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Saturday, April 29, 2006

Slate has been running interviews with philosophers and scientists about the nature of consciousness in a section called Here's part of an interview with Daniel Dennett about belief:

Daniel Dennett: I don't like the term atheist because it usually means somebody who is going around upbraiding people and trying to force people to listen to his arguments as to why there is no God. I don't think there is a God so I am an atheist but I don't make a deal of it. It's not that I passionately believe there isn't a God, it's that, of course there isn't a God, but so what?
[Robert] Wright: So the difference in your mind is not one of how confident you are that there is not a God. You are 100% sure there is not a god.
Daniel Dennett: 100%? I'm not 100 sure of anything.
Wright: Ok.
Daniel Dennett: I'm of sure of it as I am of anything.
Wright: But not 100%?
Daniel Dennett: Right.
Wright: The reason I ask is that that version of atheist has always struck me as, in some technical sense, logically indefensible.
Daniel Dennett: You can't prove a negative.
Wright: Right.
Daniel Dennett: I think it was Bertrand Russell who once said that he couldn't prove that there was not a teapot orbiting Mars. So he's a teapot agnostic. I'm a teapot agnostic with regard to God, too. I can't prove that God doesn't exist.
Dennett: In fact I think that's a much more interesting question to ask most people or actually hard to ask them because they don't want to answer it. I have a feeling that not that many people actually believe in God. Many people believe in belief of God. That is, they think it's a good thing, and they try to believe in God, they hope to believe in God, they wish they could believe in God and they say they believe in God, they go through all the motions, they try very hard to be devout. Sometimes they succeed and for some periods of their life they actual do, in some sense, believe that there is a God and they think they are the better for it. Otherwise, they behave like people who probably don't believe in God. Very few people behave as if they really believe in God. A lot of people behave as if they believe they should believe in God.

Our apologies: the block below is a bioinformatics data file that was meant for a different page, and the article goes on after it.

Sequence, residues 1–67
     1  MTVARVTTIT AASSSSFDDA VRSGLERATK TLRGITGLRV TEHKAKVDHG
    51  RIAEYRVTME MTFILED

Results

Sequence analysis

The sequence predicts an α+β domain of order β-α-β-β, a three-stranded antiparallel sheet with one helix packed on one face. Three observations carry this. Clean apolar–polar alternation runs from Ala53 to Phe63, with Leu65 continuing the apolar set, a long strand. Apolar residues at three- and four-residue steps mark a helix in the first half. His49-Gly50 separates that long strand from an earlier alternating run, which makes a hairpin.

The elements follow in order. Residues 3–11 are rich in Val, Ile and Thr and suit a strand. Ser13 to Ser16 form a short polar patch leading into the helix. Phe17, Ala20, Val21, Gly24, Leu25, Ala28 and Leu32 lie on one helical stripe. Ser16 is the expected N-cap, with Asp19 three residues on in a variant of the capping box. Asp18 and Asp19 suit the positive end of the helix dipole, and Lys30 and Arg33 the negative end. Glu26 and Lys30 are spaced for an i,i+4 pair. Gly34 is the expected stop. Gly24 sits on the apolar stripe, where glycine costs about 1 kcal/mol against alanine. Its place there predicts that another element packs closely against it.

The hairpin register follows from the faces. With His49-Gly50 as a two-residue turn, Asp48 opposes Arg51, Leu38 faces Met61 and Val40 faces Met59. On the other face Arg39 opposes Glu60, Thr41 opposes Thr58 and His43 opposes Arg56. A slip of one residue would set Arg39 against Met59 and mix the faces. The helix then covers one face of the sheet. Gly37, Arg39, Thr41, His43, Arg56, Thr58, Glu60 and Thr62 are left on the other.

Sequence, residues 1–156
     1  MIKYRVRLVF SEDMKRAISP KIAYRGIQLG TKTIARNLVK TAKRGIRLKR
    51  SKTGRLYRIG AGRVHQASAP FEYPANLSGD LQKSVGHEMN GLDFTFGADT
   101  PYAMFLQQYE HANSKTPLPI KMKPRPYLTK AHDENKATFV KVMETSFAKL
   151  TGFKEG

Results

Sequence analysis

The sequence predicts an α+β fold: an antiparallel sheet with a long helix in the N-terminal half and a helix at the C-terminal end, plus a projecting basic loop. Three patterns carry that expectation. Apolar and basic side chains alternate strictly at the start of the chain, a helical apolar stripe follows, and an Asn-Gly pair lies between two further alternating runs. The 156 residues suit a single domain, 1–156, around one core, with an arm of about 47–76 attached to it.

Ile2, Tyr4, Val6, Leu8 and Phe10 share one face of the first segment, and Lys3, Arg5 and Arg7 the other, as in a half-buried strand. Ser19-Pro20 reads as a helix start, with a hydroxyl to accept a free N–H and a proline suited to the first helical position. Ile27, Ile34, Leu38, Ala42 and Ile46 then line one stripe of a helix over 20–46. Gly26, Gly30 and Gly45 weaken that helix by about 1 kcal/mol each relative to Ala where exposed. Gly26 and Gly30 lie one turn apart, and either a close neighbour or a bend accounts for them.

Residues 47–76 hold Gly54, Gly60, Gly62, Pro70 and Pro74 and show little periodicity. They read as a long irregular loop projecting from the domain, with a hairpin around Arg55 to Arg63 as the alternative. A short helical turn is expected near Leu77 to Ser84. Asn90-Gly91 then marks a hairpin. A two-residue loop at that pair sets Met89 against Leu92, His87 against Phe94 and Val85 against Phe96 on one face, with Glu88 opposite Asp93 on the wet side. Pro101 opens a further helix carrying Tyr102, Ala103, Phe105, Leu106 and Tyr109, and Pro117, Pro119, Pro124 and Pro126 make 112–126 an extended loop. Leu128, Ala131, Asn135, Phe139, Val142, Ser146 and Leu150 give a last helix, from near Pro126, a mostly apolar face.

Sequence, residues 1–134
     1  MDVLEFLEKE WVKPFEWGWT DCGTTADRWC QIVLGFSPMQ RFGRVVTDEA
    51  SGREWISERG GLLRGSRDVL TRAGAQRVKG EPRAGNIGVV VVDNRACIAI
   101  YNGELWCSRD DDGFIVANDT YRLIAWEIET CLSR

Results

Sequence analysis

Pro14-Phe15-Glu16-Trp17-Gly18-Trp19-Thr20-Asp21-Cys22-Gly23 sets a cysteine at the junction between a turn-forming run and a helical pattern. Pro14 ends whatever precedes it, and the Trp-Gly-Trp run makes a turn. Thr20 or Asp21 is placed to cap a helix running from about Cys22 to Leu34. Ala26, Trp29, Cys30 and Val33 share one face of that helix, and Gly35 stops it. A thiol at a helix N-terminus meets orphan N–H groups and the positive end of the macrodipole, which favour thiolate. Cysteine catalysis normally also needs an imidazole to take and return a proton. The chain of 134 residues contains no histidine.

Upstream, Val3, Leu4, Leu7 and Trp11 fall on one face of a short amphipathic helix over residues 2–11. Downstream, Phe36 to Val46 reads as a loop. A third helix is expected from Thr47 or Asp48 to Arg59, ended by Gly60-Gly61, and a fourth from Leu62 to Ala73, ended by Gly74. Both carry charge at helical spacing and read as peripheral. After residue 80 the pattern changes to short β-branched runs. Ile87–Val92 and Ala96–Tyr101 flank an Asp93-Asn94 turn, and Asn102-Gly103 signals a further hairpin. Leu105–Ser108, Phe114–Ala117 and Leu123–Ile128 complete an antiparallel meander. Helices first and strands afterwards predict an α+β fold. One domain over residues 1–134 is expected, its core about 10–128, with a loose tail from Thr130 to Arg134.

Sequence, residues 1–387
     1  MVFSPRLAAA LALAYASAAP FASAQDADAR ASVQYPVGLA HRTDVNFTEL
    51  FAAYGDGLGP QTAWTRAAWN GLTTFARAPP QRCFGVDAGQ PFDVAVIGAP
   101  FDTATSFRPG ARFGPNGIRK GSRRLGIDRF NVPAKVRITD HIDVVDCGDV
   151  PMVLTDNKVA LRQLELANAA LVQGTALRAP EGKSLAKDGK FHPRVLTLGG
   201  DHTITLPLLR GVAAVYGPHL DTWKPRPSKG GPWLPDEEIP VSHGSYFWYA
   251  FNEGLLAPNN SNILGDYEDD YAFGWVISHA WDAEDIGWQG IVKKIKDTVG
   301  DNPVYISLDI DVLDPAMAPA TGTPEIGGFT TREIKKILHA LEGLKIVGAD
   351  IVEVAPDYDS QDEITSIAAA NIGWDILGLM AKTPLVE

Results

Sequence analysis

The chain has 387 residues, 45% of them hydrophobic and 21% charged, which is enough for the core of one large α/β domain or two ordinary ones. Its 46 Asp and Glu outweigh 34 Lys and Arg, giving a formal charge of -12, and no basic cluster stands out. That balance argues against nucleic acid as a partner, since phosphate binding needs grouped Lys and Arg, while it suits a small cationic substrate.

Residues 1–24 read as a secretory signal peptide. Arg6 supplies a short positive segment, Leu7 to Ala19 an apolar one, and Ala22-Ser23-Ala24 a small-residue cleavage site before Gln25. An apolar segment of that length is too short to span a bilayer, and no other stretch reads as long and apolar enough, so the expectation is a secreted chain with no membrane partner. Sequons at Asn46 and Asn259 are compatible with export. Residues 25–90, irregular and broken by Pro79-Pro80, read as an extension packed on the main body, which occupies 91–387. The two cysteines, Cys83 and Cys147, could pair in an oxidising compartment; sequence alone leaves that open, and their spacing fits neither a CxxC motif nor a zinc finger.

The rest of the interview is also worth reading, especially the part where Dennett gets really annoyed about epiphenomenalism.

The interview with Steven Pinker is also good (the interviewer, Robert Wright, is much more involved in the conversation with Dennett than he is with Pinker. In the Pinker interview, he just says "right" most of the time...):
Steven Pinker: Right. I mean, one view is that there is actually a discipline devoted to topics that the human mind is incapable of understanding and that discipline is called philosophy...
Wright: Right.
Steven Pinker: ... and most philosophers hate that characterization but it was one of them, Colin McGinn, who suggested the philosophy is the subject is the study of problem that the human mind is incapable of understanding.
Wright: Yes.
Steven Pinker: But it has a natural affinity to religion and McGinn points out that virtually every problem in philosophy has had a religious explanation historically... free will, consciousness, morality, knowledge...
Wright: And often the specific religious explanations get debunked or are no longer tenable in light of science and yet the problem itself remains unsolved.
Steven Pinker: There's often some nugget, some kernel that remains unsolved. Yes.

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Blogger Ben on Mon May 01, 07:21:00 AM:
For the record, not everyone is "teapot agnostic."